Severely obese children in primary school could be putting their hearts under strain, a new study by Dutch scientists has revealed.

Writing in the Archives of Diseases in Childhood, the research team at the VU University Medical Centre, Amsterdam, looked at data from 307 children aged between two and 12 and found that in two-thirds of cases the youngsters displayed at least one early warning symptom of heart disease, including high blood pressure.

More than half of the subject group had high blood pressure, while there were also cases of low "good cholesterol" and high blood sugar - which can lead to Type 2 diabetes.

The researchers' definition of severe obesity started at a body mass index (BMI) of 20.5 for a two-year-old, 31 for a 12-year-old and 35 for an 18-year-old. They found only one child's obesity was attributable to medical rather than lifestyle factors.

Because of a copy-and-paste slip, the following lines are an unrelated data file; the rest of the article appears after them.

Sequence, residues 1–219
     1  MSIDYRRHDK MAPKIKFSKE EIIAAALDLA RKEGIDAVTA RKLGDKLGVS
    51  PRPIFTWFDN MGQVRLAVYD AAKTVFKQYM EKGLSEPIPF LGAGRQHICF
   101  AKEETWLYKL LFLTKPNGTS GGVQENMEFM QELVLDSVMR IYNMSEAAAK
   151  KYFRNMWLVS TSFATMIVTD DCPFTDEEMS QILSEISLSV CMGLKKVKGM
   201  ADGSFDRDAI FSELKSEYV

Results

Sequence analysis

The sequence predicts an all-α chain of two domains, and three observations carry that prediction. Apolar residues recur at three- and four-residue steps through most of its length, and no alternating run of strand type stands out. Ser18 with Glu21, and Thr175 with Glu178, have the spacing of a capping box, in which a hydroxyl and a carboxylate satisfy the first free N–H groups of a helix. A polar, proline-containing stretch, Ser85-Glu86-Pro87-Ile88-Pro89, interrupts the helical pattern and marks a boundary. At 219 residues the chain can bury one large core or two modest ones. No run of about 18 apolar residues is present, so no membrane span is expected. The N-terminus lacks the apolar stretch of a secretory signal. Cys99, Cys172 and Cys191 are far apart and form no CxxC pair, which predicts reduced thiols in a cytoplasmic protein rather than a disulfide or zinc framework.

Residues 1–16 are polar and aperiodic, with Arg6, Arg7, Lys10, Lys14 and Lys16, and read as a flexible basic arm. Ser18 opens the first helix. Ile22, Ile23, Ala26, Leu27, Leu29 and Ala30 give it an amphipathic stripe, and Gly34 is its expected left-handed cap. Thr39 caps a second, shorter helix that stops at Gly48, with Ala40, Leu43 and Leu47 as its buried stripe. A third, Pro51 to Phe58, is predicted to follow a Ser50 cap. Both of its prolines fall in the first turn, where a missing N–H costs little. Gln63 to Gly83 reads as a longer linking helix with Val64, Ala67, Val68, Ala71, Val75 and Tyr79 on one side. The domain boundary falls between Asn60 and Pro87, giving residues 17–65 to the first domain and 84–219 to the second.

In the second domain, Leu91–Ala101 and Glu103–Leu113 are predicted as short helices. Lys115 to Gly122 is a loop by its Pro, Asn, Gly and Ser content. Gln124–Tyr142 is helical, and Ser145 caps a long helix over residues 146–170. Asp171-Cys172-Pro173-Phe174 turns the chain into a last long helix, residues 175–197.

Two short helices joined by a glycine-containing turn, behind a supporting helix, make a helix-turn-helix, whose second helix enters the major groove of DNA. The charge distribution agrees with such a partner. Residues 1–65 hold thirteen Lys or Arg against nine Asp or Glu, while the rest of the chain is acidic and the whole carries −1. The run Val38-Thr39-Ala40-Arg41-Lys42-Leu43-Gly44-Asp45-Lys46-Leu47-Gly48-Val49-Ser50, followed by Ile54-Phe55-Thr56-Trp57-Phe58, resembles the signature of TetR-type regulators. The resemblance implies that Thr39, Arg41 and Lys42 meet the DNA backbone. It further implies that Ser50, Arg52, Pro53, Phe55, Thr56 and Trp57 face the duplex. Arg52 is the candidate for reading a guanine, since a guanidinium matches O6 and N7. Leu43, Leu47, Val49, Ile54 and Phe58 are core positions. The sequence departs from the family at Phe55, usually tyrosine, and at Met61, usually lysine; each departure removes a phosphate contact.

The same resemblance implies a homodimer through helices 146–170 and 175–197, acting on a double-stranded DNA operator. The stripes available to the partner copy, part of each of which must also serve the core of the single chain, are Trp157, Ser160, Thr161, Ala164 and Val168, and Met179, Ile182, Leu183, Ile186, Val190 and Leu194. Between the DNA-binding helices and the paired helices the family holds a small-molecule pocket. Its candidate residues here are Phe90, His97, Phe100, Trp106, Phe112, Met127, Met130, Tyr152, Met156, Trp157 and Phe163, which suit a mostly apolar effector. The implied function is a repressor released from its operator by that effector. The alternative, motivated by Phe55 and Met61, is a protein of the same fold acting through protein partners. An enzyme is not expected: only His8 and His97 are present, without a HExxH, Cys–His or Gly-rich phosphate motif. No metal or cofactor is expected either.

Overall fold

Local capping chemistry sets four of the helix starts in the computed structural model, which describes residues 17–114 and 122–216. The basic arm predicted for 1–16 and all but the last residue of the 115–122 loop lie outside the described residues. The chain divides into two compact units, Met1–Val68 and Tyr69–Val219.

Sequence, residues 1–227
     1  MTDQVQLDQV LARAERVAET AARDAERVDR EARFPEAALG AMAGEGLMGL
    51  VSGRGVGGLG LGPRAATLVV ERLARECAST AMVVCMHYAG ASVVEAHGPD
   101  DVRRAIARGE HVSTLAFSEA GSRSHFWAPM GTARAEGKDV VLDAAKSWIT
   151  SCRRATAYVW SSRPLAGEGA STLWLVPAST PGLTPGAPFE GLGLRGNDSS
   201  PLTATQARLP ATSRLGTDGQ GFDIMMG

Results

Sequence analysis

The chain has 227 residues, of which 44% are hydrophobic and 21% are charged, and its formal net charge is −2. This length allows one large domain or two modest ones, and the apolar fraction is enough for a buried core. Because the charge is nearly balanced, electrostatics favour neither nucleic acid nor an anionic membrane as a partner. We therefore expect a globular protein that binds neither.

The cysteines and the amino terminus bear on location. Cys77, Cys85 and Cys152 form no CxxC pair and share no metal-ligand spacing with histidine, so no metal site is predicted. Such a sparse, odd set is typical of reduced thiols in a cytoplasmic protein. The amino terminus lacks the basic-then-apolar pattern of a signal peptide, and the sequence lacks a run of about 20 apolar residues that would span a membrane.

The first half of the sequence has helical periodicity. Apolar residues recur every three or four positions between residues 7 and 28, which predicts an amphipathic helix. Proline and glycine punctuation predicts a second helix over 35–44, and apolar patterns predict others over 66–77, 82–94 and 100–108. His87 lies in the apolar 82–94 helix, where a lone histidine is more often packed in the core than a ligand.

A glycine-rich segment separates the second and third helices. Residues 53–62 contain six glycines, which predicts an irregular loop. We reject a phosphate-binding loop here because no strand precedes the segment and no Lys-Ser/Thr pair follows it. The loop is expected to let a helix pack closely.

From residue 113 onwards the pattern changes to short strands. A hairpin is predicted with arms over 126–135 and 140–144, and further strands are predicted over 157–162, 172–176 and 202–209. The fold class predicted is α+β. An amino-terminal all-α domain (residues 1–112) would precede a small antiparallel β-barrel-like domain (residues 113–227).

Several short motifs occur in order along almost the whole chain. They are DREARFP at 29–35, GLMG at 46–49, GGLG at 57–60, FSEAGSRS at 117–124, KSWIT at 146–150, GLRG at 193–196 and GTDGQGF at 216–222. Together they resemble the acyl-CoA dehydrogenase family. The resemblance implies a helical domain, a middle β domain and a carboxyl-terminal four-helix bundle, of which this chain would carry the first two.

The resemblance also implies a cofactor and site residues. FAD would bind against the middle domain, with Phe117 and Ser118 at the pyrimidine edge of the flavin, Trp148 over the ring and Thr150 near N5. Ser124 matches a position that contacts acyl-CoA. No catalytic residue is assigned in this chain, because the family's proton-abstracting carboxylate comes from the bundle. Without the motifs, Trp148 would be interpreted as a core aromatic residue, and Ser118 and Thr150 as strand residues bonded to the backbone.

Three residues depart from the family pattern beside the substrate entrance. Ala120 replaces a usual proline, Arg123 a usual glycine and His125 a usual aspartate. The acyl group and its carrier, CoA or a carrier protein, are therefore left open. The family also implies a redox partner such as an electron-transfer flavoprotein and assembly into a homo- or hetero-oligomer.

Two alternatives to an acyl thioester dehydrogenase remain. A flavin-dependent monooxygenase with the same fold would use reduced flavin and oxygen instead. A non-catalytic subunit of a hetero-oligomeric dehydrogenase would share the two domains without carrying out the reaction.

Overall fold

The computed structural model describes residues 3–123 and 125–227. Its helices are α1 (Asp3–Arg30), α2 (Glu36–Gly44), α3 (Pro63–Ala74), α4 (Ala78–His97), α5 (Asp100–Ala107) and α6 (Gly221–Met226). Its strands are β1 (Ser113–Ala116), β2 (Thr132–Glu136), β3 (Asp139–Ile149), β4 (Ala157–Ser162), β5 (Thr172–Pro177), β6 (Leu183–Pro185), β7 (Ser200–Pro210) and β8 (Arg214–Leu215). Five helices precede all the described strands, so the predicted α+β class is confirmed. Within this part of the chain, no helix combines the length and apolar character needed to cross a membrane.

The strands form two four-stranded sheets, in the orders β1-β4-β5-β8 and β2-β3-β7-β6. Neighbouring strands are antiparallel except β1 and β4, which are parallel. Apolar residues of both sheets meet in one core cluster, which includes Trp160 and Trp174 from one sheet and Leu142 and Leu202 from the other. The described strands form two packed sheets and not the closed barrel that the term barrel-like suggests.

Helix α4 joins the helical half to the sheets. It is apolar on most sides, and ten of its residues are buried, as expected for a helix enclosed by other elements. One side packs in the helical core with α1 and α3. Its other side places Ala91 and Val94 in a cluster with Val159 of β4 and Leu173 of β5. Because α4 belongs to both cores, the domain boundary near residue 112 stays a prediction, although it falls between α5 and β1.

Doireann Maddock, Senior Cardiac Nurse at the British Heart Foundation, said: "Although it was a small study, the findings leave a bad taste in the mouth.

"It's a huge concern so many obese children were identified as already having at least one risk factor for heart disease, including high blood pressure, high blood glucose and problems with cholesterol levels.

"However, this is a problem that can be addressed by stopping young people becoming overweight and obese in the first place. Highlighting the importance of healthy eating and physical activity from an early age will help protect the heart health of future generations."

Story posted by Robert Mair on 24/07/2012